When I’m out and about, emailing, texting, making/taking calls — staying in touch with people who are important, which is a handheld’s Number One job — I don’t dwell too much on what hypercaffeinated mobility “experts” say about BB. It’s simply the best handheld out there. I watched one of these guys on a talk show the other day. He fumed about how there’s no app to find restaurants. That was his complaint about the device. I think he needs more sleep.
Same with the CANDU. It just works. It underpins the greatest economy in the greatest country in the world. And does so without dumping a single gram of CO2 into our air.
Just boatloads of tritium, that is what it dumps oh and never forget the waste that will never stop being toxic. So yeah it is a great machine lol, you are crazy.
Joe, I don’t ordinarily approve comments that are insulting. However, I decided to approve yours because it typifies the anti-nuclear mindset: utterly ill informed if not downright dishonest. I will happily approve subsequent comments from you but only if you observe basic rules of decorum.
“if they don’t try harder it will be another Arrow or Blackberry”
The Arrow led to major in-fighting within the military because it ate up so much money that it was threatening to kill off the new tactical day fighter purchase as well as a new destroyer fleet, and in spite of this still didn’t have a working radar or weapons system (Astra never worked). It was also widely derided outside of Ontario as an example of the fed’s industrial welfare programs favouring Ontario and Quebec while the rest of the country hated it (go watch old CBC footage from Calgary). And it would still need SAGE.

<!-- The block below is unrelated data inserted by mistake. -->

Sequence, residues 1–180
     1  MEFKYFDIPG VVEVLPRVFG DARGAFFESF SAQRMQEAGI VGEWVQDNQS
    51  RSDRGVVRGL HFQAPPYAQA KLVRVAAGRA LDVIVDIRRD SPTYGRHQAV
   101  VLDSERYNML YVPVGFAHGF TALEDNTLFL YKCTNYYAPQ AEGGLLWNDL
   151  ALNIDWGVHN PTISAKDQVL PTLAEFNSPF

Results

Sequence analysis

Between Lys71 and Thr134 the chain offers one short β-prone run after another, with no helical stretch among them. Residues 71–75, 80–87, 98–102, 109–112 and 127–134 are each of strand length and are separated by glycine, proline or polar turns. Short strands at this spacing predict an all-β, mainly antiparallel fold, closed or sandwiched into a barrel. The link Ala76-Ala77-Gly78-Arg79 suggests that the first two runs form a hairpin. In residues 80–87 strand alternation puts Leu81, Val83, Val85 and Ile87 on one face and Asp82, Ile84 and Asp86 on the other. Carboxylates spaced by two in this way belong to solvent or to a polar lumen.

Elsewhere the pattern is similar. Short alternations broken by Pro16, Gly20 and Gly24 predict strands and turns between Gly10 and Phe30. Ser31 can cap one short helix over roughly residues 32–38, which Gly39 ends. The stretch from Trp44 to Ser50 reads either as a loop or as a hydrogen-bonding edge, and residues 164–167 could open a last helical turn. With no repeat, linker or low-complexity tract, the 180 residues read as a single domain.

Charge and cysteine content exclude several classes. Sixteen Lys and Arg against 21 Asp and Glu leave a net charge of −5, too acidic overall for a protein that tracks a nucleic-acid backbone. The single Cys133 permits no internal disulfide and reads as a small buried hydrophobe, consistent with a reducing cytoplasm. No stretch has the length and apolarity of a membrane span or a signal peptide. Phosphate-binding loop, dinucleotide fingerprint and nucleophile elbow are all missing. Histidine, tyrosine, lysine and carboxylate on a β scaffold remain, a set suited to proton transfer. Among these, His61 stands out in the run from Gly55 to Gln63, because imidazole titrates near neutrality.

The other is a company who’s hubris led it to believe it was not only invincible in its own market (claiming in public that “Apple doesn’t know anything about phones”), and then blew any chance to save itself in a desperate and failed attempt to enter the consumer market, something they have no experience or capability to deliver on. Now it is on death-watch as we wait to see who the highest bidder for its carcass will ultimately be.
If this is what the Canadian nuclear industry has to put up as supporting arguments, I’d hate to see the negative ones.
“thinks CANDU does not push hard enough”
CANDU is dead. Everyone here is aware of this, right?
The design team was sold off at pennies on the dollar to SNC-Lavalin, who only picked them up because an associated tax write-off meant they were actually being paid to play. The ACR project has been un-staffed for a couple of years now, even before the purchase. And with this announcement it is now the case that 100% of the CANDU operator market has stated they are not buying new ones.
At least we can laugh about it:
Maury Markowitz is a long time anti-nuclear gas bag who makes most of his money, uh, I mean spends a lot of his time over in the Ars Technica comments section. I would take anything he writes about the nuclear industry with a large grain of salt, as even if accurate, it will be presented to put the nuclear industry in the worst possible light.
> Maury Markowitz is a long time anti-nuclear gas bag
Ad hominem attacks? Is that the best you have?
> as even if accurate
The irony of that statement is delicious.
In any event, if you don’t like the “light” I present my facts in, you’re more than able to present it in your own.
So, Jeff, let’s hear *your* opinion on the facts I stated, rather than your personal attacks.
Any way to stroke a Canadian pol’s ego (whether they’re a lion or a windvane) by inviting them to spill a few comments here on the subject? Why do they fear FUD-addicts more than trust engineers and math?
The pronlem in a nutshell: